Fermi-ization is a valuable tool in a Superforecaster’s toolbox. Since the days of the original Good Judgment Project and continuing in Good Judgment Inc’s work today, Superforecasters have proved the usefulness of this technique in producing accurate forecasts on seemingly impossible questions—from the scale of bird-flu epidemics, oil prices, and interest rates to election outcomes, regional conflict, and vaccinations during the Covid-19 pandemic.

Uses of Fermi-ization in Forecasting

In their seminal book Superforecasting, Philip Tetlock and Dan Gardner list Fermi-ization as the second of the Ten Commandments for Aspiring Superforecasters. This placement is not a coincidence. In the world of Superforecasters—experts known for their consistently accurate forecasts—Fermi-ization is a fundamental tool, enabling them to arrive at accurate predictions even in response to questions that initially seem impossible to quantify.

“Channel the playful but disciplined spirit of Enrico Fermi,” Tetlock and Gardner write. “Decompose the problem into its knowable and unknowable parts. Flush ignorance into the open. Expose and examine your assumptions. Dare to be wrong by making your best guesses. Better to discover errors quickly than to hide them behind vague verbiage.”

Depending on the question, this process can take just a few minutes, as it did when Peter worked out an estimated number of Warsaw’s tram cars, or it could be methodical, slow, and painstaking. But it is an invaluable road map whether accuracy is the goal.

Fermi-ization in forecasting has multiple uses:

    • It helps the forecaster to avoid the classic cognitive trap of relying on quick-and-easy—and often incorrect!—answers where more thought is called for.
    • It forces the forecaster to sort the relevant components from the irrelevant ones.
    • It enables the forecaster to separate the elements of the question that are knowable from those that are unknowable.
    • It makes the forecasters examine their assumptions more carefully and pushes them toward making educated—rather than blind—guesses.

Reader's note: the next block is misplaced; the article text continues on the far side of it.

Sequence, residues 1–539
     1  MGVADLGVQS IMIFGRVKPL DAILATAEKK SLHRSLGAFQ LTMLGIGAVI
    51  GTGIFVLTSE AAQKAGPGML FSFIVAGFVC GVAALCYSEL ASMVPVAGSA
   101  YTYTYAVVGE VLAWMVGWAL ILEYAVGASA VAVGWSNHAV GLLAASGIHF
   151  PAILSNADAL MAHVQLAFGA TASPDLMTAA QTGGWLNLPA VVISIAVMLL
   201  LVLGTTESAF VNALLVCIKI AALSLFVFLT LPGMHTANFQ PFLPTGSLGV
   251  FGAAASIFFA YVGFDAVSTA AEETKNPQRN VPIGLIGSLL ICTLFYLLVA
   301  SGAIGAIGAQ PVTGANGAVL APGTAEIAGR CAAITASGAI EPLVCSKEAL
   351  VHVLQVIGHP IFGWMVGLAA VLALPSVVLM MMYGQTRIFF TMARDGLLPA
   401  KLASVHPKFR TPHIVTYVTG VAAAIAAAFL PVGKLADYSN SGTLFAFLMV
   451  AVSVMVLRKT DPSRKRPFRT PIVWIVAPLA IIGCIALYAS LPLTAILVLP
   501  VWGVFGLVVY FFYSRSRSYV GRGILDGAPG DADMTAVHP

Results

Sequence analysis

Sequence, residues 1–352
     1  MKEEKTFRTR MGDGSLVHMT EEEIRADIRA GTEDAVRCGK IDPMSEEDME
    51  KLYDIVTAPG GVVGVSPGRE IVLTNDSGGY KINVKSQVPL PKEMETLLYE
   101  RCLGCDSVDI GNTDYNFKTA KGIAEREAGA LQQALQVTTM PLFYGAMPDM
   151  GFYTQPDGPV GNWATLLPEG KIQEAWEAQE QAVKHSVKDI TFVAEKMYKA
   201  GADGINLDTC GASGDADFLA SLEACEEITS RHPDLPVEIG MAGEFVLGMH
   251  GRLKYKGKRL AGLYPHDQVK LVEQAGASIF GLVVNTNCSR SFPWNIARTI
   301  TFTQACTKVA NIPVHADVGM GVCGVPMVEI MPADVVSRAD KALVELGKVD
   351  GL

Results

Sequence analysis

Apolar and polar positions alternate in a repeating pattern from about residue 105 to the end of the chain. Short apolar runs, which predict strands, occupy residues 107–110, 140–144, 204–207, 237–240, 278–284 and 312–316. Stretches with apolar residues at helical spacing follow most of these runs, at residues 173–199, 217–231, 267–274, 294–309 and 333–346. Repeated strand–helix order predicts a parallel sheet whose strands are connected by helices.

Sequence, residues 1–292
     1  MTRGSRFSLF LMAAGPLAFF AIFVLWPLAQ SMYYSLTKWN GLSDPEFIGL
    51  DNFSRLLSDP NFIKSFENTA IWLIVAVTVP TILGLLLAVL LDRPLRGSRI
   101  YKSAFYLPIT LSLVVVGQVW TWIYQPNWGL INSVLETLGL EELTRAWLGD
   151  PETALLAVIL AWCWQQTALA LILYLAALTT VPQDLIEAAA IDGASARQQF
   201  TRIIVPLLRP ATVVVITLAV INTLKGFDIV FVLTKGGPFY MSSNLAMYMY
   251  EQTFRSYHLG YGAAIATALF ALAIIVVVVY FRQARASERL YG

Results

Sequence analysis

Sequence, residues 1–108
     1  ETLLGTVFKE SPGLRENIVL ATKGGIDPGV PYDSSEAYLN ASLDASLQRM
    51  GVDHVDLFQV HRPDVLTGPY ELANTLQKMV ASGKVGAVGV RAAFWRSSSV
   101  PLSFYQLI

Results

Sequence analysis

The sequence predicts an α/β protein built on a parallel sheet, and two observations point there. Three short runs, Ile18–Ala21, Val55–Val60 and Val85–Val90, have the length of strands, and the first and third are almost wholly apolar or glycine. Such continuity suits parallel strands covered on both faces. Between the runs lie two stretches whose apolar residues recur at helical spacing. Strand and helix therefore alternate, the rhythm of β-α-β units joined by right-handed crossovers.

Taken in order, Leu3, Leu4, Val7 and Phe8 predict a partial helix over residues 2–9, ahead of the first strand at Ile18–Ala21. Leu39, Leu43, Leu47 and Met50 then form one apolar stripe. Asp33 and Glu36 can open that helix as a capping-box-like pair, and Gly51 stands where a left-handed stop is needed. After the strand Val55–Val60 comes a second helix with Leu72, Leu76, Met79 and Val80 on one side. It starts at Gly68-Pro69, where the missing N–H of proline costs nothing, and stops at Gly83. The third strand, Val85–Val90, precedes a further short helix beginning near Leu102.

• It informs both the outside and the inside view in approaching the question.

Three Steps in Fermi-ization

Fermi-ization becomes easier and increasingly effective with practice. Keep these three steps in mind as you give it a try.

    1. Unpack the question by asking, “What would it take for the answer to be yes? What would it take for it to be no?” or “What information would allow me to answer the question?”
    2. Give each scenario your best estimate.
    3. Dare to be wrong.

Not the Only Tool

Of course, Fermi-ization is not the only tool in a Superforecaster’s toolbox. Mitigation of cognitive biases, ability to recognize and minimize noise, being actively open-minded, and keeping scores are all crucial components of the Superforecasting process. You can learn these techniques during one of our Superforecasting Workshops, or you can pose your own questions for Superforecasters to engage with through a subscription to FutureFirst™.

Good Judgment Inc and Metaculus Launch First Collaboration

Good Judgment Inc and Metaculus Launch First Collaboration

Metaculus and Good Judgment Inc are pleased to announce our first collaboration. Our organizations, which represent two of the largest human judgment forecasting communities in the world, will compare our results and methodologies in a project comprised of identical forecasting questions that ask about the future of 10 Our World In Data metrics. We plan to share insights, lessons learned, and analysis to contribute to the broader community and to the science of forecasting.

Cohorts of Superforecasters from Good Judgment Inc and Pro Forecasters from Metaculus will make predictions on their separate platforms on a set of 10 questions about technological advances, global development, and social progress on time horizons ranging from one to 100 years.

A Future Fund grant is supporting both organizations in producing these expert forecasts, as well as a public tournament on the Metaculus platform, though this collaboration between Metaculus and GJI is distinct, separate, and voluntary.

“Our shared goal is advancing forecasting as a trusted method for leaders to make critical decisions,” said Gaia Dempsey, CEO of Metaculus. “We’re thrilled to be working with our partners at Good Judgment Inc. This is the first time two of the largest players in the field of forecasting have come together in the spirit of collaboration to compare methodologies and to advance the science of forecasting.”

“We’re excited to be partnering with Metaculus to combine our approaches to apply probabilistic thinking to an uncertain future and help individuals and organizations make better decisions about the future,” said Warren Hatch, Good Judgment’s CEO. “We look forward to building on this collaboration for Our World In Data.”

Good Judgment Inc harnesses the wisdom of the crowd, led by Superforecasters, to quantify hard-to-measure risks for smarter strategic decisions for the private and public sectors.

Metaculus is a forecasting technology platform that optimally aggregates quantitative predictions of future events.